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max planck institut
informatik

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Angelina Vidali

Max-Planck-Institut für Informatik
Department 1: Algorithms and Complexity
Building 46.1, Room 308
Campus E1 4,
66123 Saarbrücken
Germany

Email: angelina at mpi-inf dt mpg dt de
Phone: +49 681 9325 108
Fax: +49 681 9325 199

webpage at the University of Athens: http://users.uoa.gr/~avidali

Teaching: Algorithmic Game Theory (with Vincenzo Bonifaci and Khaled Elbassioni) Lecture time: Tuesday 16:00-18:00, Lecture room: 001, Campus E 1.3

Research Interests

My current research area is Algorithmic Game theory and especially Mechanism Design. My Phd focuses on the scheduling unrelated machines problem, when the machines are selfish players, and have to get payed in order to process the jobs. So in fact the setting is more like the setting of an auction for selling multiple items.

Which are the possible mechanisms we can use for the allocating the tasks?

Other problems I find tempting are adword auctions, cost sharing, secretary problems, voting, computation of equilibria, online algorithms.

I also enjoy computational geometry and algebra.

"Lügen, Versteigerungen und Zeitplanung": Ein kurzer, einfacher Text der erklaert womit ich mich in meiner Disertation beschaeftigt habe. (auf Deutsch)

Publications

Unification of Characterizations of Combinatorial Auction's subdomains, Elias Koutsoupias and Angelina Vidali, submitted [pdf]

Characterizing the mechanisms for the domains of combinatorial auctions and scheduling unrelated machines are two outstanding problems in mechanism design. Since the scheduling domain is essentially the subdomain of combinatorial auctions with additive valuations, we consider whether one can extend a characterization of a subdomain to a domain. This is possible for two players when the only truthful mechanisms for the subdomain are the affine maximizers. Although this is not true for scheduling because besides the ane maximizers there are other truthful mechanisms (the threshold mechanisms), we still show that the truthful mechanisms of practically any domain which is strictly superdomain of scheduling and subdomain of combinatorial auctions are only the ane maximizers.

A complete characterization of group-strategyproof mechanisms of cost-sharing. Emmanouil Pountourakis and Angelina Vidali, ESA '10 (invited to the Algorithmica special issue for ESA) [pdf]

We study the problem of designing group-strategyproof cost-sharing mechanisms. The players report their bids for getting serviced and the mechanism decides which players are going to be serviced and how much each one of them is going to pay. We determine three conditions: Fence Monotonicity, Stability of the allocation and Validity of the tie-breaking rule that are necessary and sufficient for group-strategyproofness, regardless of the cost function. Fence Monotonicity puts restrictions only on the payments of the mechanism and stability only on the allocation. Consequently Fence Monotonicity characterizes group-strategyproof cost-sharing schemes. Finally, we use our results to prove that there exist families of cost functions, where any group-strategyproof mechanism has unbounded approximation ratio.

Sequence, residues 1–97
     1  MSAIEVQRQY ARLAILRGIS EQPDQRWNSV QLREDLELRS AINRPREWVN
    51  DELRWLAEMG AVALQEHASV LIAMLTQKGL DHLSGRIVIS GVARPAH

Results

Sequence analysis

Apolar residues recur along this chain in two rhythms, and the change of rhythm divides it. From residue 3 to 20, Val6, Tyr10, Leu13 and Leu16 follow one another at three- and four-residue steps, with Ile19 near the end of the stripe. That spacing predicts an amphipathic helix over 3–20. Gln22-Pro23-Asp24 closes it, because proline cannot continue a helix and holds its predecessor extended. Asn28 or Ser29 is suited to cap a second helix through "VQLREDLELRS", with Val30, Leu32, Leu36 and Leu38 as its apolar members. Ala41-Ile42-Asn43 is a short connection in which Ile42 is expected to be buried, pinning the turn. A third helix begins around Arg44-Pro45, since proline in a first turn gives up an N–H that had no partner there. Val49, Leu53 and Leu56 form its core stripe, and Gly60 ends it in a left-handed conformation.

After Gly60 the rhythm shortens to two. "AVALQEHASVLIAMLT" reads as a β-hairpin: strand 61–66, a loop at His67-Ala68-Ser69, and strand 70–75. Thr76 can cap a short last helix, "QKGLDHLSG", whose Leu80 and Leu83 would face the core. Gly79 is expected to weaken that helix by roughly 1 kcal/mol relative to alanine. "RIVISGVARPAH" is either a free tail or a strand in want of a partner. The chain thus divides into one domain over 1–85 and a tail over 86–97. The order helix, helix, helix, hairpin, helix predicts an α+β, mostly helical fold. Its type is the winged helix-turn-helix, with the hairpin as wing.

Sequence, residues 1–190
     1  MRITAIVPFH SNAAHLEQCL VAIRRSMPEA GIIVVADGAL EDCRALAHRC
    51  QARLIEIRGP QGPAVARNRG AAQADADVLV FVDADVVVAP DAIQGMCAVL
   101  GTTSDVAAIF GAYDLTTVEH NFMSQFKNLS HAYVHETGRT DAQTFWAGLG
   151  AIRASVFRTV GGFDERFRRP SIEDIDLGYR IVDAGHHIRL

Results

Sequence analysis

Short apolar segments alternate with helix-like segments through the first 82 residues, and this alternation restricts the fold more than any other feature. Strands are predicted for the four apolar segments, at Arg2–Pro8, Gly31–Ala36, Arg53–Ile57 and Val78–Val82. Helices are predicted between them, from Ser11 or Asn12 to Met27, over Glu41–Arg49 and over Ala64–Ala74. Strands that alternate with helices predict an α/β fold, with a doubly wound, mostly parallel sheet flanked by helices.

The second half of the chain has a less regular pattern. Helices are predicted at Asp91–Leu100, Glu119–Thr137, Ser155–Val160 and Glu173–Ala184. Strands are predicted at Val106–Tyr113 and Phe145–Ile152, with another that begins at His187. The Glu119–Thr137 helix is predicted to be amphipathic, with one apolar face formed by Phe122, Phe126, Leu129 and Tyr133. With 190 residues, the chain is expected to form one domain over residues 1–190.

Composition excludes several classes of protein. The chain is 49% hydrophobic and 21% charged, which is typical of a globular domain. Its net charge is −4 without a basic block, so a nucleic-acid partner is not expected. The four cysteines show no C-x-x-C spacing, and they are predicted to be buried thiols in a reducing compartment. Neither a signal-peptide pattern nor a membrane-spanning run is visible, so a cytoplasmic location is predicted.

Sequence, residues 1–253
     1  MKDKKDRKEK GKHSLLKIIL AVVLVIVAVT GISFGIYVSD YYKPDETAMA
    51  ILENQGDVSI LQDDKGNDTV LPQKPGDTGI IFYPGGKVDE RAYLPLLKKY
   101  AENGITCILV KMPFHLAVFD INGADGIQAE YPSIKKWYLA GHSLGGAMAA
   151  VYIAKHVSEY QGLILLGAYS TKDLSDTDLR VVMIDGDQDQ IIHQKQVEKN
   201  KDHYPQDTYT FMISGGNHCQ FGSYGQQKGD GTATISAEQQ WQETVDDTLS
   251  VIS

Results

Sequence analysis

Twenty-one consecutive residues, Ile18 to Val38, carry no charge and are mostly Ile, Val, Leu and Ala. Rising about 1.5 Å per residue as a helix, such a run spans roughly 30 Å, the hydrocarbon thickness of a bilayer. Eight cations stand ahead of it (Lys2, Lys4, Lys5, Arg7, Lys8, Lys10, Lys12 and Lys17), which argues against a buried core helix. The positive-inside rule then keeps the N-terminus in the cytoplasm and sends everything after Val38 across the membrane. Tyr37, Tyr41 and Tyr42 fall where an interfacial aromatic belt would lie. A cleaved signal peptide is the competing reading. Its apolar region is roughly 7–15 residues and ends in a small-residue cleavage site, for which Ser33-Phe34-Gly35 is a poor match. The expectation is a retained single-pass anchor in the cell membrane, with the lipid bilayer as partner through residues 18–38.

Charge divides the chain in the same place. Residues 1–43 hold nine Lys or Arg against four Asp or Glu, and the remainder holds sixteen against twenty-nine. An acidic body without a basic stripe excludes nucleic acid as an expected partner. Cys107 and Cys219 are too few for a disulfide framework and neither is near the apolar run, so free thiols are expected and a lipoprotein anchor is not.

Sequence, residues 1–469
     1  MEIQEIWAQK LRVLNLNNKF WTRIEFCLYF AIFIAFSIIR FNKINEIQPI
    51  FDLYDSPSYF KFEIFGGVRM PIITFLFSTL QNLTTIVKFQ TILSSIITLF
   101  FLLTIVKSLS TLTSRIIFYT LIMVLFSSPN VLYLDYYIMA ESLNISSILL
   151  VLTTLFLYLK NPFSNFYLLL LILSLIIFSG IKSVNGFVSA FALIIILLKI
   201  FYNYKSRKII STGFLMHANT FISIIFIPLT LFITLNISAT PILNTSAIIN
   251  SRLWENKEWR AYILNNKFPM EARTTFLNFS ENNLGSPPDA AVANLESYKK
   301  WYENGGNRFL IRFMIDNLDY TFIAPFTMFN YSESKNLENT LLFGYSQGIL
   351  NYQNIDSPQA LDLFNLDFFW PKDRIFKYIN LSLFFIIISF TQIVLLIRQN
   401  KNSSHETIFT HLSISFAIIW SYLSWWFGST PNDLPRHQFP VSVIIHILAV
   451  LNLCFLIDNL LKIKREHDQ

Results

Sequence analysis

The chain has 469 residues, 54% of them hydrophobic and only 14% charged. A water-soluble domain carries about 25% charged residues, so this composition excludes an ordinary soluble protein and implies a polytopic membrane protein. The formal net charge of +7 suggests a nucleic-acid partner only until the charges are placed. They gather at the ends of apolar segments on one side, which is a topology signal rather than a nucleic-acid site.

PhD Thesis: Game-theoretic Analysis of Networks, Supervisor: Elias Koutsoupias [pdf]

The Geometry of Truthfulness. Angelina Vidali, WINE '09 [pdf] [SLIDES] [Nisan's blog: Michal Feldman's report from WINE]

We study the geometrical shape of the partitions of the input space created by the allocation rule of a truthful mechanism for multi-unit auctions with multidimensional types and additive quasilinear utilities. We introduce a new method for describing the the allocation graph and the geometry of truthful mechanisms for an arbitrary number of items(/tasks). Applying this method we characterize all possible mechanisms for the case of three items.

Previous work shows that Monotonicity is a necessary and sufficient condition for truthfulness in convex domains. If there is only one item, monotonicity is the most practical description of truthfulness we could hope for, however for the case of more than two items and additive valuations (like in the scheduling domain) we would need a global and more intuitive description, hopefully also practical for proving lower bounds. We replace Monotonicity by a geometrical and global characterization of truthfulness.

Our results apply directly to the scheduling unrelated machines problem. Until now such a characterization was only known for the case of two tasks. It was one of the tools used for proving a lower bound of $1+\sqrt{2}$ for the case of 3 players. This makes our work potentially useful for obtaining improved lower bounds for this very important problem.